ID: oai:researchonline.ljmu.ac.uk:364
Date: 2015-11-01

RIOXX

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    <header>
      <identifier>oai:researchonline.ljmu.ac.uk:364</identifier>
      <datestamp>2015-11-01T00:50:05Z</datestamp>
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    <metadata>
      <rioxx xmlns="http://www.rioxx.net/schema/v2.0/rioxx/" xmlns:ali="http://ali.niso.org/2014/ali/1.0" xmlns:dc="http://purl.org/dc/elements/1.1/" xmlns:dcterms="http://purl.org/dc/terms/" xmlns:rioxxterms="http://docs.rioxx.net/schema/v2.0/rioxxterms/" xmlns:xsi="http://www.w3.org/2001/XMLSchema-instance" xsi:schemaLocation="http://www.rioxx.net/schema/v2.0/rioxx/ http://www.rioxx.net/schema/v2.0/rioxx/rioxx.xsd"><ali:free_to_read/><dc:description>Flow separations occur in various engineering applications. Computational simulation by using standard k-ε turbulence model was performed to investigate numerically the characteristic of backward-facing step flow in a concentric configuration. This research is focused on the variation of Reynolds number, heat flux and step height in a fully developed turbulent air flow. The design consists of entrance tube, inner and outer tubes at the test section. The inner tube is placed along the entrance tube at the test section with an outer tube to form annular conduit. The entrance tube diameter was varied to create step height, s of 18.5 mm. The Reynolds number was set between 17050 and 44545 and heat flux was set between 719 W/m2 and 2098 W/m2 respectively. It is observed that the higher Reynolds number with step flow contribute to the enhancement of heat transfer. The reattachment point for q=719 W/m2 is observed at 0.542 m, which is the minimum surface temperature. The experimental data shows slightly lower distribution of surface temperature compared to simulation data. As for the same case in experimental result, the minimum surface temperature is obtained at 0.55 m. The difference between numerical and experimental result is 0.008 m. Finally, it can be inferred that utilizing the computational fluid dynamic package software, agreeable results could be obtained for the present research.&#13;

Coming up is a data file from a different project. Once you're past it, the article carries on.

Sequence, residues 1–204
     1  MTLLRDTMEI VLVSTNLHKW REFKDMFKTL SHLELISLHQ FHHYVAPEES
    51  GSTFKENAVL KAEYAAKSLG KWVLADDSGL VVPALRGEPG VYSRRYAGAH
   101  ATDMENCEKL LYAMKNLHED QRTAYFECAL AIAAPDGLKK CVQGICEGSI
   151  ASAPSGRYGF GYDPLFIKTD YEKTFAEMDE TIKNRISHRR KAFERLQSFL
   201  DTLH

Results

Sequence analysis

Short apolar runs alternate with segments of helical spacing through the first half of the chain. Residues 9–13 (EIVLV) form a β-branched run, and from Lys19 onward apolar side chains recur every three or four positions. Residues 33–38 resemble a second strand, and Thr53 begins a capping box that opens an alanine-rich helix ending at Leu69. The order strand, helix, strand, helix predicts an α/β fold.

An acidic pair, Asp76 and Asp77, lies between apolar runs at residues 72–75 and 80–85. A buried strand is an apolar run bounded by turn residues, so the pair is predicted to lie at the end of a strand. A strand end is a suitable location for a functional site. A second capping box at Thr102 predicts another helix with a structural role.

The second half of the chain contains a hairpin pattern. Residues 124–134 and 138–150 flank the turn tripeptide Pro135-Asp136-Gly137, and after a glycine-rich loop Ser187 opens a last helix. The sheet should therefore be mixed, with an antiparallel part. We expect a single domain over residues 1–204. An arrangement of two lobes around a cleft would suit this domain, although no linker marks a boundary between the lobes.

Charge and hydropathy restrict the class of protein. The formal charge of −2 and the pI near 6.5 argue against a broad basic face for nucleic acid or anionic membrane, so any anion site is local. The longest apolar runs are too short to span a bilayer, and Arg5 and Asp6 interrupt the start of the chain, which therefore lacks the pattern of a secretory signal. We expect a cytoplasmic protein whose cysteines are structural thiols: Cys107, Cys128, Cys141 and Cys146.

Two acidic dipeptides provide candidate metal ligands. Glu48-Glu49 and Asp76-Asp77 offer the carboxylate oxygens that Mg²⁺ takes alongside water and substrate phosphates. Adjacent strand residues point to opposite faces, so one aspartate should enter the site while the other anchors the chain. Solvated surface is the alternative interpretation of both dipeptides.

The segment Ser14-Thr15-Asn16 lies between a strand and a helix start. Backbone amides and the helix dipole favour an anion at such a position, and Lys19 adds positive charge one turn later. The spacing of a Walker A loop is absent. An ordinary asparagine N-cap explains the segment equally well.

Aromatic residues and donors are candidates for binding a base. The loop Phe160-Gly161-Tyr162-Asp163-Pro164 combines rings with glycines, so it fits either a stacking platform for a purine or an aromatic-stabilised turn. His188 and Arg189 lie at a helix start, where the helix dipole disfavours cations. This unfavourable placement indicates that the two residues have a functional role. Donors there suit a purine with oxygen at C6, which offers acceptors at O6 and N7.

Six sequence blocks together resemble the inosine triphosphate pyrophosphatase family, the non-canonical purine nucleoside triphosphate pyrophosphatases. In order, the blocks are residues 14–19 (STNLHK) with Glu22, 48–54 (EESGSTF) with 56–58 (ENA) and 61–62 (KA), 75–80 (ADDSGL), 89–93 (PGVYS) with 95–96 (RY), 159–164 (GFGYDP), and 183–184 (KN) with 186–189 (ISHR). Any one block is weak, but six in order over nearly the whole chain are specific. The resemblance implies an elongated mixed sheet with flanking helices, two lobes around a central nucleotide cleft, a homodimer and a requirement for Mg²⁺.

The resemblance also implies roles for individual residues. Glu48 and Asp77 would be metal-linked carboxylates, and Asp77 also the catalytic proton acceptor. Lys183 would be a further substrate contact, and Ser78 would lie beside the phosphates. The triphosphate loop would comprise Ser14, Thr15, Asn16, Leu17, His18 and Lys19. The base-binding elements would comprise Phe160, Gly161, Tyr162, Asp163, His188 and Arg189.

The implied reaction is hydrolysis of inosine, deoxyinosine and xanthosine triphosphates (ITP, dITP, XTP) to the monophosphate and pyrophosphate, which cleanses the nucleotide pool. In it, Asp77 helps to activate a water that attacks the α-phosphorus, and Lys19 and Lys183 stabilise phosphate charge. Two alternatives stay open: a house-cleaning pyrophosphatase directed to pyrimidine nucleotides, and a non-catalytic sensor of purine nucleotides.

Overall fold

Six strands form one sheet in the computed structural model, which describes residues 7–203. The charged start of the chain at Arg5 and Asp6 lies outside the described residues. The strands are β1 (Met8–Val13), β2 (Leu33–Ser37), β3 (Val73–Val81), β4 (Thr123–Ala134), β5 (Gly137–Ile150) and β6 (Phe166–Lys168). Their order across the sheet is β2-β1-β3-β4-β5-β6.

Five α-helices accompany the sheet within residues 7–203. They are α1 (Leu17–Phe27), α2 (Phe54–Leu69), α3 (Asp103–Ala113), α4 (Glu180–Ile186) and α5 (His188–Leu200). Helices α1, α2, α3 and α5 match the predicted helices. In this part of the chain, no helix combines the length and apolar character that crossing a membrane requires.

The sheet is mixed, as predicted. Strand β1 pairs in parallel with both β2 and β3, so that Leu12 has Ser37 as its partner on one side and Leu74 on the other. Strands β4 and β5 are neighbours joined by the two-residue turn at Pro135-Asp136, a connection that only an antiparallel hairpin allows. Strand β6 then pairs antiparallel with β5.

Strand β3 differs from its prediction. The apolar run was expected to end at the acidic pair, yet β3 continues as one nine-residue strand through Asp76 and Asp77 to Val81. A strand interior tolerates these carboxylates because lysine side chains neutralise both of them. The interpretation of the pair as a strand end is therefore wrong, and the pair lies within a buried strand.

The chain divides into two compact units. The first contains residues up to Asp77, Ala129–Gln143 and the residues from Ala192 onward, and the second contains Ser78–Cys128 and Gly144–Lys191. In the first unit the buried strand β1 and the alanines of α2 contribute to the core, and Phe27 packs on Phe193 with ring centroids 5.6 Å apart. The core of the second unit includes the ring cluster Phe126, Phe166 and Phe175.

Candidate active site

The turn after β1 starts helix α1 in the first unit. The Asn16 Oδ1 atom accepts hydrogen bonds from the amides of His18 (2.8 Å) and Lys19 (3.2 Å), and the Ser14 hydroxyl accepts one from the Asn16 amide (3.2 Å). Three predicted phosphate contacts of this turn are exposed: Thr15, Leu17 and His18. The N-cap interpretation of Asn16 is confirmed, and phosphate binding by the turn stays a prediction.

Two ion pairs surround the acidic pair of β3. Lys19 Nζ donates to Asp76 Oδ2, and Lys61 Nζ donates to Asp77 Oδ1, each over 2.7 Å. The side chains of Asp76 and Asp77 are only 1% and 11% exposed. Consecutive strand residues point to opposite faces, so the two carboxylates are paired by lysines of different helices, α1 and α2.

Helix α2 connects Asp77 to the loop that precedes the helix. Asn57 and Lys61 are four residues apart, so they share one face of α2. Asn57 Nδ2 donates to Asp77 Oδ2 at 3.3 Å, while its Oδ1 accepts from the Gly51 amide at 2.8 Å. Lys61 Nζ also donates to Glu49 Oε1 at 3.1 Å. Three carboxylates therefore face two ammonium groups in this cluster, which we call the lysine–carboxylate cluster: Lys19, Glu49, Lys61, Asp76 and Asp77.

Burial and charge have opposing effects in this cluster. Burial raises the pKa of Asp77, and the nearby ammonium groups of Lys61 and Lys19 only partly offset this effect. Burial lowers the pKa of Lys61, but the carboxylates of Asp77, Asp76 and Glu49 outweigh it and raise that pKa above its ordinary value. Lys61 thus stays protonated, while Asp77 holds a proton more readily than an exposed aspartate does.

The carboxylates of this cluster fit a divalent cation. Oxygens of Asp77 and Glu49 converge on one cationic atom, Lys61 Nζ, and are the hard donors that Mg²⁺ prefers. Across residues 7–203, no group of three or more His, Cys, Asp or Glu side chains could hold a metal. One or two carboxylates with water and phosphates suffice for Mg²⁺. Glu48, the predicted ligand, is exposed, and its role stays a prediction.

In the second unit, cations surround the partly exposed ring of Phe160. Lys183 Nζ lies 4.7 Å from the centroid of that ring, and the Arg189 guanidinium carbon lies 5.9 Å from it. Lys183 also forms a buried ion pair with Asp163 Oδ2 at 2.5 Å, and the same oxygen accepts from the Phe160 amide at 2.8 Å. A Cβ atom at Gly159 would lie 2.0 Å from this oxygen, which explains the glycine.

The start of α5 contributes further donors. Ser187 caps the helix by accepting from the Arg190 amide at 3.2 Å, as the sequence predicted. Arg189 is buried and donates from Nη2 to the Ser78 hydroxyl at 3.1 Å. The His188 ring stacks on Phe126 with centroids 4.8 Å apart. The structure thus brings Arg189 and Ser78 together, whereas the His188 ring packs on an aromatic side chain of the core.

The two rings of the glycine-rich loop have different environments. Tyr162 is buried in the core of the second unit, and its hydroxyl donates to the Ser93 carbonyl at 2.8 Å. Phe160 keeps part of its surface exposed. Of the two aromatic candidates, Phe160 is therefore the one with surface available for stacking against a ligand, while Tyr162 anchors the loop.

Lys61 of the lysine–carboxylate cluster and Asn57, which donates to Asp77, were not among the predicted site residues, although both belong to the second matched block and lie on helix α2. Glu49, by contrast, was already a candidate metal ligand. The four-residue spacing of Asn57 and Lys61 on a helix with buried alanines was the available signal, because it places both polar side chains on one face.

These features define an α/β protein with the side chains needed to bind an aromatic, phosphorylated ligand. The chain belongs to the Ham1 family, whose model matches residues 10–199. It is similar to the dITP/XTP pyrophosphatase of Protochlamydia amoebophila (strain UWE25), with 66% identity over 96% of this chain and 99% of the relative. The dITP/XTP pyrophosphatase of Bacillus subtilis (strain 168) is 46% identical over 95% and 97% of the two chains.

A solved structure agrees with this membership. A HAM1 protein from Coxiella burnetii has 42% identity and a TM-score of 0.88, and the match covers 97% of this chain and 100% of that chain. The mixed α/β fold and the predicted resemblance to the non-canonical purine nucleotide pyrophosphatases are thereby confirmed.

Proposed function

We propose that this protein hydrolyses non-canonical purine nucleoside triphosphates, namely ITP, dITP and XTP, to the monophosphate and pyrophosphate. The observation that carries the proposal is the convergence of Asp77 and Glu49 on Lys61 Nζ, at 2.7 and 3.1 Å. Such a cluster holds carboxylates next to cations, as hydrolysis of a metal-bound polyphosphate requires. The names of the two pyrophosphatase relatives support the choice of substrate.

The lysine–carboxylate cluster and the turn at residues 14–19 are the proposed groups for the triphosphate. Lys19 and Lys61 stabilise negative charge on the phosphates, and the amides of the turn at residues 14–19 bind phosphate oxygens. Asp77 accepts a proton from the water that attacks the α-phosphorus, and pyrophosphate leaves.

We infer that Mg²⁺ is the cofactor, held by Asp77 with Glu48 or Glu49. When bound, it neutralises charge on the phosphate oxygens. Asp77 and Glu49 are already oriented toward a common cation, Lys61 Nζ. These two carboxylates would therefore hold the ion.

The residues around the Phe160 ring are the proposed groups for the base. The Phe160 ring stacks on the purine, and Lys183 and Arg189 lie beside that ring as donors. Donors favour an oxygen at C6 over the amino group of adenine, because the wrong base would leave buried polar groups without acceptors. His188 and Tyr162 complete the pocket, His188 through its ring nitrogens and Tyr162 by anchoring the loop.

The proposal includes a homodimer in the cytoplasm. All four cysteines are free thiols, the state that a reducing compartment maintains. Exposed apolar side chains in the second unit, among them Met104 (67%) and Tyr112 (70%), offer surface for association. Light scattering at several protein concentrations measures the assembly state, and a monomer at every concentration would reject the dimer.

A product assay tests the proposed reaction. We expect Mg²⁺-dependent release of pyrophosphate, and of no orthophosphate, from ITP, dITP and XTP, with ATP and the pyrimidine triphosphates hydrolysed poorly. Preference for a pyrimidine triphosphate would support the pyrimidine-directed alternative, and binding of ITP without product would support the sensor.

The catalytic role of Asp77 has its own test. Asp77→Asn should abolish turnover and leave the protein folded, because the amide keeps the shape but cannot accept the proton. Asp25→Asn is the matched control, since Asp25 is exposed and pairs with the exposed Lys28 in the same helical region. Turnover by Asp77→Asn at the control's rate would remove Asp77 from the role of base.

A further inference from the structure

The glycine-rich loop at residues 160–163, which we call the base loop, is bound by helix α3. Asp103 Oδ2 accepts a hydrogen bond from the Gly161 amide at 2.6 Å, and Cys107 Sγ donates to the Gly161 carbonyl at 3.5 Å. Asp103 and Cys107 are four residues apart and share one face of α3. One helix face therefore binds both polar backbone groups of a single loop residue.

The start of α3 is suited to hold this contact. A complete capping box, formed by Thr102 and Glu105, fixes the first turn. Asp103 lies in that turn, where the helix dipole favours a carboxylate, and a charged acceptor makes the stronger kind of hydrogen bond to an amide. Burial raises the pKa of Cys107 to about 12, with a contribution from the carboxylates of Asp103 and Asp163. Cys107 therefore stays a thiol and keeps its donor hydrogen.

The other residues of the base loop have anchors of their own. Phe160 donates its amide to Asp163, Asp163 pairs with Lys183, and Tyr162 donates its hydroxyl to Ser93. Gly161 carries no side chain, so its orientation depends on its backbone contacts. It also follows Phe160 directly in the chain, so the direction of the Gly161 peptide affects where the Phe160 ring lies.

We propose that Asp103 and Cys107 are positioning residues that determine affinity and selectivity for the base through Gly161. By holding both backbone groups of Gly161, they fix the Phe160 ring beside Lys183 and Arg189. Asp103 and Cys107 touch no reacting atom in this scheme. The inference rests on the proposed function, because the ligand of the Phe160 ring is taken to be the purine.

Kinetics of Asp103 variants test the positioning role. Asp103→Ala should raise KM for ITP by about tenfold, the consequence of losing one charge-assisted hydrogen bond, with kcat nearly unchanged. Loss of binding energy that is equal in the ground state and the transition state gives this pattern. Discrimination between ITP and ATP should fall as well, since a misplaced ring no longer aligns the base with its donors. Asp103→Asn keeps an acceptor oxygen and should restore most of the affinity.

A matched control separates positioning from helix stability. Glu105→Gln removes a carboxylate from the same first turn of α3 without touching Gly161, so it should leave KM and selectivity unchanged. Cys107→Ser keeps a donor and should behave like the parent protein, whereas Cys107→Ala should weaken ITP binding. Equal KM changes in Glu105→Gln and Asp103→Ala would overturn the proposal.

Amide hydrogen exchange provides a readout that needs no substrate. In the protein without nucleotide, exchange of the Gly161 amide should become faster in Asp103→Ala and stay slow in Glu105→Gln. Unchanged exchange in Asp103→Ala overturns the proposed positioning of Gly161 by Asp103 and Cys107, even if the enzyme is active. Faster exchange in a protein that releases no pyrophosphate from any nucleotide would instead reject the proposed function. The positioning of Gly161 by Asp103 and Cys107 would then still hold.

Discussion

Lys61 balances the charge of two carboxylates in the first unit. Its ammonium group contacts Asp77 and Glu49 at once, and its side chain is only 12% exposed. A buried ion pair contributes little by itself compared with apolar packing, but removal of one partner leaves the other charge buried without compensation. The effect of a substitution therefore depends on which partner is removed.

Keywords: Numerical Simulation; Heat Transfer; Turbulent Flow; Computational Fluid Dynamics; Backward Facing Step</dc:description><dc:format>application/pdf</dc:format><dc:identifier>http://researchonline.ljmu.ac.uk/364/1/Simulation%20of%20Heat%20Transfer%20to%20Separation%20Air%20Flow%20in%20a%20Concentric%20Pipe.pdf</dc:identifier><dc:language>en</dc:language><dc:publisher>Elseiver</dc:publisher><dc:relation>http://gateway.webofknowledge.com/gateway/Gateway.cgi?GWVersion=2&amp;SrcApp=PARTNER_APP&amp;SrcAuth=LinksAMR&amp;KeyUT=WOS:000343018900007&amp;DestLinkType=FullRecord&amp;DestApp=ALL_WOS&amp;UsrCustomerID=7f77ca1697db64ccb27a8011c7ced90d</dc:relation><dc:source>0735-1933</dc:source><dc:subject>TJ</dc:subject><dc:title>Simulation of heat transfer to separation Air flow in a concentric pipe</dc:title><rioxxterms:author>Oon, CS</rioxxterms:author><rioxxterms:author>Al-Shamma'a, A</rioxxterms:author><rioxxterms:author>Kazi, SN</rioxxterms:author><rioxxterms:author>Chew, BT</rioxxterms:author><rioxxterms:author>Badarudin, A</rioxxterms:author><rioxxterms:author>Sadeghinezhad, E</rioxxterms:author><rioxxterms:type>Journal Article/Review</rioxxterms:type><rioxxterms:version>AM</rioxxterms:version><rioxxterms:version_of_record>http://dx.doi.org/10.1016/j.icheatmasstransfer.2014.07.008</rioxxterms:version_of_record></rioxx></metadata></record>
ID: oai:researchonline.ljmu.ac.uk:366
Date: 2015-10-26

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      <identifier>oai:researchonline.ljmu.ac.uk:366</identifier>
      <datestamp>2015-10-26T00:50:05Z</datestamp>